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Thursday, December 10, 1998 Published at 21:27 GMT

Patten to review 'shoot to kill' reports

Sinn Fein said the RUC has to be replaced by a new force

The Independent Commission examining the future of policing in Northern Ireland is to view previously unpublished reports into allegations of a security force "shoot to kill policy" and of force involvement in sectarian murders during the province's troubled past.

The former Conservative Northern Ireland Minister and Hong Kong Governor Chris Patten, who is heading the commission, has confirmed that he will see both the Stalker and Stevens reports, which have been kept under lock and key.

"We'll see all the documents we want to see and need to see, and that includes some of the ones that have been very controversial." Mr Patten told Channel 4 News.

Asked whether he would see the Stalker and Stevens reports he added: "If we didn't wish to see those we'd be accused of not doing our job properly."

[ image: Chris Patten: Wants to see all documents]
Chris Patten: Wants to see all documents
The commission, set up under the Good Friday peace accord, is due to report by next summer, with recommendations on the future of policing in Northern Ireland. The commission will also put forward ways of making it more acceptable to the nationalist community, while retaining the support of unionists.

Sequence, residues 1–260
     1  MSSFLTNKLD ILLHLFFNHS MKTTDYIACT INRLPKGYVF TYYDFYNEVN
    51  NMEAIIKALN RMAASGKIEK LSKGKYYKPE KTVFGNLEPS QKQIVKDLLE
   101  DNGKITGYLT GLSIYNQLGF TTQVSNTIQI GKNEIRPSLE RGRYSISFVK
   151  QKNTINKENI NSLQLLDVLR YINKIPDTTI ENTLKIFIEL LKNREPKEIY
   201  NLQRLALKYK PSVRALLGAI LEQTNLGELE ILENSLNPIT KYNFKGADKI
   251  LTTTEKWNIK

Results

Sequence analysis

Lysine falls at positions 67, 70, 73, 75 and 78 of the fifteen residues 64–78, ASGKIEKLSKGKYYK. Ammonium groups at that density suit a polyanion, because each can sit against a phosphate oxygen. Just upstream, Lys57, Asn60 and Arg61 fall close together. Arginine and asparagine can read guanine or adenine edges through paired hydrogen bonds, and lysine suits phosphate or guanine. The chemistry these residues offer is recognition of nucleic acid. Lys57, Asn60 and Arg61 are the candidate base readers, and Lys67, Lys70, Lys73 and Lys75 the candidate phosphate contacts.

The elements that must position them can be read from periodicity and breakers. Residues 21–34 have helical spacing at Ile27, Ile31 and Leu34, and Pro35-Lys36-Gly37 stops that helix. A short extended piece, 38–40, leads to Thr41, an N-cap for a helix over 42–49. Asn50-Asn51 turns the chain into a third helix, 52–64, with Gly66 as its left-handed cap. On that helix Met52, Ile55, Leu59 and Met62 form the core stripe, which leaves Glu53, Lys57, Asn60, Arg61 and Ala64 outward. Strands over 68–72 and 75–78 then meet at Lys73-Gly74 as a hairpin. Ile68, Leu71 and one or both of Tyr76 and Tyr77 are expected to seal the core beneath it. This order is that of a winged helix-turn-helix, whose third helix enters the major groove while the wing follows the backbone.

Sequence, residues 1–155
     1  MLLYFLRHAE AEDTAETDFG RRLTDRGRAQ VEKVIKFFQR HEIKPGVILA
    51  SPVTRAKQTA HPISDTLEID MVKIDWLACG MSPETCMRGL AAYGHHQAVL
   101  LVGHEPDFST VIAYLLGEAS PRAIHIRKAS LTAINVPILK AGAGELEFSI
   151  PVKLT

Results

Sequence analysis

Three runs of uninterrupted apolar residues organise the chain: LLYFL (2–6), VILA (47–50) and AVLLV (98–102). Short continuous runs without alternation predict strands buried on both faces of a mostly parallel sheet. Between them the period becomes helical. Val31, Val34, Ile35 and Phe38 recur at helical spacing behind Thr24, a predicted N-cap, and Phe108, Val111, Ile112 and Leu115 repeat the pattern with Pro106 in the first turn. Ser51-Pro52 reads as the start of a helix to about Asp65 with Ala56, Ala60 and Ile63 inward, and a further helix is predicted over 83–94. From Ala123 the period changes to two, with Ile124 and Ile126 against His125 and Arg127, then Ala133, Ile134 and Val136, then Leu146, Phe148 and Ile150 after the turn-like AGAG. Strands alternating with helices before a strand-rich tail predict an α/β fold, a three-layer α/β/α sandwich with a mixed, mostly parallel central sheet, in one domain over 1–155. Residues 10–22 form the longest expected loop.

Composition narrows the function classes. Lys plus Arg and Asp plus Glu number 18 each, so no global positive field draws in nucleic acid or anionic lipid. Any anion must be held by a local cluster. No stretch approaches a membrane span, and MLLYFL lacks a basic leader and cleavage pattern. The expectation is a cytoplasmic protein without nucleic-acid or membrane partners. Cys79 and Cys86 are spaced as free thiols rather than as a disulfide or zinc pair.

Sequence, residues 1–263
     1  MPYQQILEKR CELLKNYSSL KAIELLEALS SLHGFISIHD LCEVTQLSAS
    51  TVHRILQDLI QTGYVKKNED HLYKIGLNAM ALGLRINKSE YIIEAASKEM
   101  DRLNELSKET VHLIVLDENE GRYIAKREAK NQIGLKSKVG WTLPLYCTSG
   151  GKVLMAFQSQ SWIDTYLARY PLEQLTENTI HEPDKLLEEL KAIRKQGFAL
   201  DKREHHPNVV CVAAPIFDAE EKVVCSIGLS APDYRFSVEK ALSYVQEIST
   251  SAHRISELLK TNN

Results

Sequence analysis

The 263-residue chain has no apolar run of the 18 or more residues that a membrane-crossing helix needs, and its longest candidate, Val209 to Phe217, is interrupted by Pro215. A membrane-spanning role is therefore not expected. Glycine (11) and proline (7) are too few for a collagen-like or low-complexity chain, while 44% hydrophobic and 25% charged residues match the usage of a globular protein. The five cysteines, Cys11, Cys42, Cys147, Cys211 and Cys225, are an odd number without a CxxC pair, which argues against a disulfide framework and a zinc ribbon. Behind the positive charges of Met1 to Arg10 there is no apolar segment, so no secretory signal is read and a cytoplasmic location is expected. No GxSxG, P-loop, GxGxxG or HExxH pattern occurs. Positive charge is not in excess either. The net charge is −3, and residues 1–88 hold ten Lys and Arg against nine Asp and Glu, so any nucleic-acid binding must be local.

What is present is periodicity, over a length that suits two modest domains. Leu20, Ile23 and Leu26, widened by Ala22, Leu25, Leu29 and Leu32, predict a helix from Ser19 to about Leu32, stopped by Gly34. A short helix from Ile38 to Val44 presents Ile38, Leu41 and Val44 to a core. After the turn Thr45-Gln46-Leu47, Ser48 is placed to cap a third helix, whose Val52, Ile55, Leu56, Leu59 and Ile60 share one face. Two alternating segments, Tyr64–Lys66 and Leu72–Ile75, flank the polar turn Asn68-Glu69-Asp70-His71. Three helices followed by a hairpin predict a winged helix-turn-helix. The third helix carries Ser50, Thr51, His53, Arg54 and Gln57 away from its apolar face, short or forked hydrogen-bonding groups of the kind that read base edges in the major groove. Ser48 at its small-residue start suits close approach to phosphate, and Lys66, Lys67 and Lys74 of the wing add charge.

As well as taking written and oral statements from political parties, the churches, business, community and trade union groups, Mr Patten has embarked on a punishing round of public meetings across the province.

The meetings have turned into a form of Truth Commission, with people from both sides of the community telling their stories.

Mr Patten said: "It's an understatement to say it's more exhausting and more demanding and more emotional than almost anything else I've ever done in politics."

People had been expressing their "rage" about the past, he said. "I think it is important that people express their pain - sometimes it is as if they are doing it for the first time in public."

Mr Patten said his work was "an important enterprise" which could not have happened a few months ago.

"It is difficult but it is not impossible," he said.

'Well orchestrated campaign'

Ulster Unionist Party security spokesman Ken Maginnis told the news programme he had confidence in the integrity of those on the commission. But he said he hoped they would be able to gain an objective picture.

The public meetings, he said, were not truth commissions, and provided an opportunity for a "very, very well-orchestrated campaign by the terrorist related party" (Sinn Fein).

Bairbra de Bruin, Sinn Fein Assembly member and spokesman on policing, said she wished the commission well in its work.

She insisted her party and its supporters would accept nothing less than a new police service which could have widespread support.

They did not believe the RUC could be built on, and instead there had to be a new force, she said.

But Ms de Bruin added that this did not mean no one from the RUC could join the new force.

"We do believe present members of the RUC would be open to join such a new service but it wouldn't be automatic and we believe there should be a screening process to make sure that people who have a history of human rights abuses within the force would not carry over."

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